The Board argues that if we affirm its finding that Diversified is the alter ego of Brush, the contract-bar doctrine requires Diversified at the Union's request to recognize and bargain with it as representative of the employees at the new plant. However, it is not entirely clear when the last collective bargaining agreement signed by Brush is due to expire, or whether it has in fact already expired. It appears from the record (including the terms of the Board's order and the opinion of the Administrative Law Judge) that the most recent agreement expired December 31, 1995. However, at oral argument Board counsel asserted that " [t]he contract was at least good for another year at the time of the hearing," which occurred in March 1996. Moreover, we are concerned that Diversified's employees not have a union imposed on them that they do not want. See NLRB v. National Car Rental System, Inc., 672 F.2d 1182, 1191 (3d Cir. 1982). We were also informed by Board counsel at oral argument that the incumbent union may have rights to address the employees and encourage them not to decertify.
We do not believe the Board's order to recognize and bargain with the Union is supportable on this record, nor do we think the Board adequately considered the wishes of Diversified's employees in reaching its decision. We therefore vacate so much of the Board's order as requires Diversified to recognize and bargain with the Union, and remand to the Board for further proceedings. See Cooper, 376 F.2d at 690. On remand, we expect that all parties who participated in the unfair labor practice proceeding will have an opportunity to supplement the record before the Board. If the last collective bargaining agreement has expired, we expect that the Board will determine through appropriate proceedings whether the employees in the new location wish to be represented by the Union.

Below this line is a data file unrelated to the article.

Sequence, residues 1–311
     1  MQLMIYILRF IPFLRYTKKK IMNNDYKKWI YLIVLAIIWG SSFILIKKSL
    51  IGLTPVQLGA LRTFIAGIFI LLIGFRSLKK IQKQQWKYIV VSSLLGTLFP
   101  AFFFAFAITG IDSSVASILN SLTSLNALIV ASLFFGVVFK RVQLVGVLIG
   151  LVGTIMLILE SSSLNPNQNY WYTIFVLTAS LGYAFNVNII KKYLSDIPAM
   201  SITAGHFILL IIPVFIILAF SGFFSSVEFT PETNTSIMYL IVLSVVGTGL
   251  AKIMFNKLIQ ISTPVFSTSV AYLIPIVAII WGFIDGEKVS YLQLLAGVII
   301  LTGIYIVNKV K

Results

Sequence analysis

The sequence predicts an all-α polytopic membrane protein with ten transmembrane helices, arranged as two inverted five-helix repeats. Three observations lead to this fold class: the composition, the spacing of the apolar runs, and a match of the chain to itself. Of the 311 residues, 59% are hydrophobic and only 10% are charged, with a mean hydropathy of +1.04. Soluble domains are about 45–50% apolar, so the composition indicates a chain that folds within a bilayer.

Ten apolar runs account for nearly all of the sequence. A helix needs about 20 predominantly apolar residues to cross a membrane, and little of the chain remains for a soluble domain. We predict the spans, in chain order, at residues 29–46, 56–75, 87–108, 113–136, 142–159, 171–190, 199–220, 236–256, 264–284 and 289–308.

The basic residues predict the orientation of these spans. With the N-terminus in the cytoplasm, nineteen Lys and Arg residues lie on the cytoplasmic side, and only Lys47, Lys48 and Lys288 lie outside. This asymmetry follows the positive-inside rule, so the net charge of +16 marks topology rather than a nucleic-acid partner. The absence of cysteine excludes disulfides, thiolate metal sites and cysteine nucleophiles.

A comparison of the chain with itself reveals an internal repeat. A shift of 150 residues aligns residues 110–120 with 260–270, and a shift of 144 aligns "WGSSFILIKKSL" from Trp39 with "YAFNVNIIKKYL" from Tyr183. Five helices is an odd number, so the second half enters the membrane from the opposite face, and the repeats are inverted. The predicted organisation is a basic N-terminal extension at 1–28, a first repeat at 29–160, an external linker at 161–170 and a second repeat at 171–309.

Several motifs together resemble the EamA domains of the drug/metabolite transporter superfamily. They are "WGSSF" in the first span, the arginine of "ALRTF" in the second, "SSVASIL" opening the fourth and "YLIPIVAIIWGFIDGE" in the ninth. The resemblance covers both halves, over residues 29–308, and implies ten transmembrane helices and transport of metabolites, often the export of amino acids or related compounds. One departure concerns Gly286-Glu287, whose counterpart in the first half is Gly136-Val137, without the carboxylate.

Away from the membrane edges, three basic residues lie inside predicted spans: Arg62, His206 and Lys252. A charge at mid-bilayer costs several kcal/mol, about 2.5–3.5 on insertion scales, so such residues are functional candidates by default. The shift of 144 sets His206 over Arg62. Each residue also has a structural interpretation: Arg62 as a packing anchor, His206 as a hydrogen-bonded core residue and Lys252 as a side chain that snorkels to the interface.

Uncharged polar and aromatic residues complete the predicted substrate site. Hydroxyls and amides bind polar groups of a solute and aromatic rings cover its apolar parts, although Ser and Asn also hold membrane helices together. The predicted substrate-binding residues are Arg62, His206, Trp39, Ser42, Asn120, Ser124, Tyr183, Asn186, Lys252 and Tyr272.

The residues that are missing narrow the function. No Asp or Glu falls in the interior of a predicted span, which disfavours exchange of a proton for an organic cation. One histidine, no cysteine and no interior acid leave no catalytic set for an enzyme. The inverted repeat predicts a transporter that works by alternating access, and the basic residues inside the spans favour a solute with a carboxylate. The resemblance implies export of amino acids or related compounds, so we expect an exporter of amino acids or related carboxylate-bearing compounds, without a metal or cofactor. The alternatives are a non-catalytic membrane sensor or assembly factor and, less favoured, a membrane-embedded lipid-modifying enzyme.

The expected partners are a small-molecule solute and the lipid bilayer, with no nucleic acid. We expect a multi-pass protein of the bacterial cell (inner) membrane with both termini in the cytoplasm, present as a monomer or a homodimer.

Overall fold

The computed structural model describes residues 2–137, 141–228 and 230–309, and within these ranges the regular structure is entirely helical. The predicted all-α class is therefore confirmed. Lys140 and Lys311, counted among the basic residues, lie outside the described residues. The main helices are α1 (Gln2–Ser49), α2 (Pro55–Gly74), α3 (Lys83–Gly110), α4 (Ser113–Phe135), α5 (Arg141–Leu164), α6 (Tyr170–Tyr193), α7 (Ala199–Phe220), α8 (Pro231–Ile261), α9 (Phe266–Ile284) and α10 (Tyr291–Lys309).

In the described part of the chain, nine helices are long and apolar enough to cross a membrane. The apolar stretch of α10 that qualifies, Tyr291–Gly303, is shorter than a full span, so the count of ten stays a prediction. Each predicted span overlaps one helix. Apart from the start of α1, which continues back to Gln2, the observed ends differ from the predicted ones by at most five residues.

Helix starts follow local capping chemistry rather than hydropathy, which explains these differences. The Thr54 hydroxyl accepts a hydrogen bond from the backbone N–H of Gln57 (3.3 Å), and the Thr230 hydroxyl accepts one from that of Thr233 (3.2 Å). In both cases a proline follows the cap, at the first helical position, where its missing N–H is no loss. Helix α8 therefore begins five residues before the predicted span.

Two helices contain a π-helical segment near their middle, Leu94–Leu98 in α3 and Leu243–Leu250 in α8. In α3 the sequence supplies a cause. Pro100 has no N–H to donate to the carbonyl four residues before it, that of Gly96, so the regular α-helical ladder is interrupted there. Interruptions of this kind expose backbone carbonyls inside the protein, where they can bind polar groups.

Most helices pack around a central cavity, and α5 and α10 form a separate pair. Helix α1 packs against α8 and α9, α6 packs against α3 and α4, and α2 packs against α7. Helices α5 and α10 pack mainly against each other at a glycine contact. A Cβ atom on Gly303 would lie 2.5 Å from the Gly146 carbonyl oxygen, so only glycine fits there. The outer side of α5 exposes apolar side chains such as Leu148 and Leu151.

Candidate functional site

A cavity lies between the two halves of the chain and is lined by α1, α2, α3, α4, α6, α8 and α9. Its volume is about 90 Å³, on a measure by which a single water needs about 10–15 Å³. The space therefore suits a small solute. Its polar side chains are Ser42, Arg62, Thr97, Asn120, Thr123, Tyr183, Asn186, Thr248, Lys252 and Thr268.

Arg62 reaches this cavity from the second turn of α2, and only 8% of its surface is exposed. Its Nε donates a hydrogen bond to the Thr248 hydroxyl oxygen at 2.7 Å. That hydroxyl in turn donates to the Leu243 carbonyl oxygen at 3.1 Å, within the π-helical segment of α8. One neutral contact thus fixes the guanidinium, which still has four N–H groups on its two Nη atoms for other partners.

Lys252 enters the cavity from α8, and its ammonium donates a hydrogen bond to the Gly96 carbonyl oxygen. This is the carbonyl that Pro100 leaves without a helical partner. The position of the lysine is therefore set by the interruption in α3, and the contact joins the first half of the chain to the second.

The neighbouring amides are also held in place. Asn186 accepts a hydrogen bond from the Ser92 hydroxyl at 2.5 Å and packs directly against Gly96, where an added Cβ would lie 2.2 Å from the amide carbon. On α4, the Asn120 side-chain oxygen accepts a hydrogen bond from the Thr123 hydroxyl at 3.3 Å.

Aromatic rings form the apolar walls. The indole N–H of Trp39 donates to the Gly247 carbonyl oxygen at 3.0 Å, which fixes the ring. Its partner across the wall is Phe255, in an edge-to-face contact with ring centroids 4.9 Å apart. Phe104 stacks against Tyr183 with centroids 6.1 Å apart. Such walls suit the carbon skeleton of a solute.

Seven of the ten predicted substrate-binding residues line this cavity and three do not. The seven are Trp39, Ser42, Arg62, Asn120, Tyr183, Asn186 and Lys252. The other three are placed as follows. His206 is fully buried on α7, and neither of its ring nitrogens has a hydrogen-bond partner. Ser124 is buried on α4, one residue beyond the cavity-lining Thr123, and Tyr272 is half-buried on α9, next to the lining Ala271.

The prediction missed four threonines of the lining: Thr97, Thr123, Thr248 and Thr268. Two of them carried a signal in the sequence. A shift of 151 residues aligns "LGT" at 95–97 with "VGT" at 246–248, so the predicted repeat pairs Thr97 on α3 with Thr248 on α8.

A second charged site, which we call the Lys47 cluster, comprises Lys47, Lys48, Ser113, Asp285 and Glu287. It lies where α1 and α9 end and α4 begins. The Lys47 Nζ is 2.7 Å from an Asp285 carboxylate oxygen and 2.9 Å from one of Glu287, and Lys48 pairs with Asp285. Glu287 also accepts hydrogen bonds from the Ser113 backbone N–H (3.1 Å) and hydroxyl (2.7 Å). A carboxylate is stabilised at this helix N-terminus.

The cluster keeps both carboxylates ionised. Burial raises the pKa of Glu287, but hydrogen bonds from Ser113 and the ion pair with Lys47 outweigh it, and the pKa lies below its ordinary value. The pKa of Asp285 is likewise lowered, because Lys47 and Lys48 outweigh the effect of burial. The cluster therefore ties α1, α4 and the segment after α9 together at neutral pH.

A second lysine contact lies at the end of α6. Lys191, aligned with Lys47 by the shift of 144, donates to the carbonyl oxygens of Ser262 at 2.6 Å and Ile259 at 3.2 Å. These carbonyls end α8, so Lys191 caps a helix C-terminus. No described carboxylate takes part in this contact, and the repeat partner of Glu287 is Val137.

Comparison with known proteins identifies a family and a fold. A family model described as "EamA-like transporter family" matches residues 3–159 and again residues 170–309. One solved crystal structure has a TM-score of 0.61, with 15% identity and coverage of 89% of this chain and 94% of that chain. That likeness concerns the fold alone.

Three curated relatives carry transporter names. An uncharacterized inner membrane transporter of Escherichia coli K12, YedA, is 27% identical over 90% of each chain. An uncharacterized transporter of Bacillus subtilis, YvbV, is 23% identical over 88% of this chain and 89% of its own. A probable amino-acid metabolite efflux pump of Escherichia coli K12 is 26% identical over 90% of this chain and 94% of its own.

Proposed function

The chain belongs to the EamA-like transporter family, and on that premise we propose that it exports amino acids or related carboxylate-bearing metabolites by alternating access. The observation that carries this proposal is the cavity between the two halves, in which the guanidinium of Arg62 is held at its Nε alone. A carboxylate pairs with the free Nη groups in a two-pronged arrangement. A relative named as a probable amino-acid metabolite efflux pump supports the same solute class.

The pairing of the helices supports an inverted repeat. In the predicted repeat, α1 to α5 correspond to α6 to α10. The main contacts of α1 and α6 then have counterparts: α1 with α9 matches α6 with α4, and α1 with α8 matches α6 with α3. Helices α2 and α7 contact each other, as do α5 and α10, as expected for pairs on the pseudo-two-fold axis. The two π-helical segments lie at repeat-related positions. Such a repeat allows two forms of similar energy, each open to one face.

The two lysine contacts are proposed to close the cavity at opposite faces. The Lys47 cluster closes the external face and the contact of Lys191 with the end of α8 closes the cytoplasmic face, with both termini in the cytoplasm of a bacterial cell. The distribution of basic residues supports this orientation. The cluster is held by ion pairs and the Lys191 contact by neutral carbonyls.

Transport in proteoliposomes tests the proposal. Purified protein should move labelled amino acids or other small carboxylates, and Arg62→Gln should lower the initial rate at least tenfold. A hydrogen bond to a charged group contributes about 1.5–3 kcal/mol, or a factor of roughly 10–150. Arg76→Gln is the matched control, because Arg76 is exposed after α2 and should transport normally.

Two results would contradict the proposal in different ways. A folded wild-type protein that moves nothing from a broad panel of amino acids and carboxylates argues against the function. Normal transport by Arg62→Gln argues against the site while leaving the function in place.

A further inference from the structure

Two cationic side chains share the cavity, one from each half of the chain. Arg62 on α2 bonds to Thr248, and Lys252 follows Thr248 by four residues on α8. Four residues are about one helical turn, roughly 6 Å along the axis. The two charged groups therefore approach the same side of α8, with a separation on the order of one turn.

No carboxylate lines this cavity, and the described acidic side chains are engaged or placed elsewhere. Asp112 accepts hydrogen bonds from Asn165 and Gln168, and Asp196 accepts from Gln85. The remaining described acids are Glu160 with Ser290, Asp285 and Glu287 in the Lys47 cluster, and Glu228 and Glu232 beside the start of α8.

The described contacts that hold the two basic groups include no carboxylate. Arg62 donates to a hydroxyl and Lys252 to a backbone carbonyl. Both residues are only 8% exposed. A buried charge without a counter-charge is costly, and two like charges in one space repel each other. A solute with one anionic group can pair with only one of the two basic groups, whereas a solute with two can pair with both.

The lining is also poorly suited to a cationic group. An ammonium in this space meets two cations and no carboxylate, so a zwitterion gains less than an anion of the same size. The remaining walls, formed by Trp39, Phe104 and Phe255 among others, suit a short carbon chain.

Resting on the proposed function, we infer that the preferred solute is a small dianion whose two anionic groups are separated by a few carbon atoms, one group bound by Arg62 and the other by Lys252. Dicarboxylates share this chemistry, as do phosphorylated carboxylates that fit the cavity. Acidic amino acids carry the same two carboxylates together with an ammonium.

Order enforced in part. Case remanded to the Board for further proceedings.
The severance provision, as it appears in the 1989 collective bargaining agreement, provides as follows:
It is agreed that in the event the Company Moves its Manufacturing operations from its present location, 2417 3rd Avenue, Bronx, New York, to any area outside the New York City limits, then the Company shall grant a Severance Pay Benefit which shall be equal to one week's average wages per year, for each year of service rendered.
The above Severance pay Benefit shall apply to all Union members who have been employed by the Company for a period of five (5) years or more and whose employment with the company is terminated only because of the above stated reason.
The Board asserts that Diversified failed to raise the issue of continued union representation before the Board and that, consequently, it is not properly before the court. See 29 U.S.C. § 160(e). However, in a September 1997 motion Diversified requested, and was granted by this court, permission to raise the issue in this appeal, on the grounds that misconduct by Board counsel had prevented Diversified from raising it below. Accordingly, we will consider the argument to be properly before us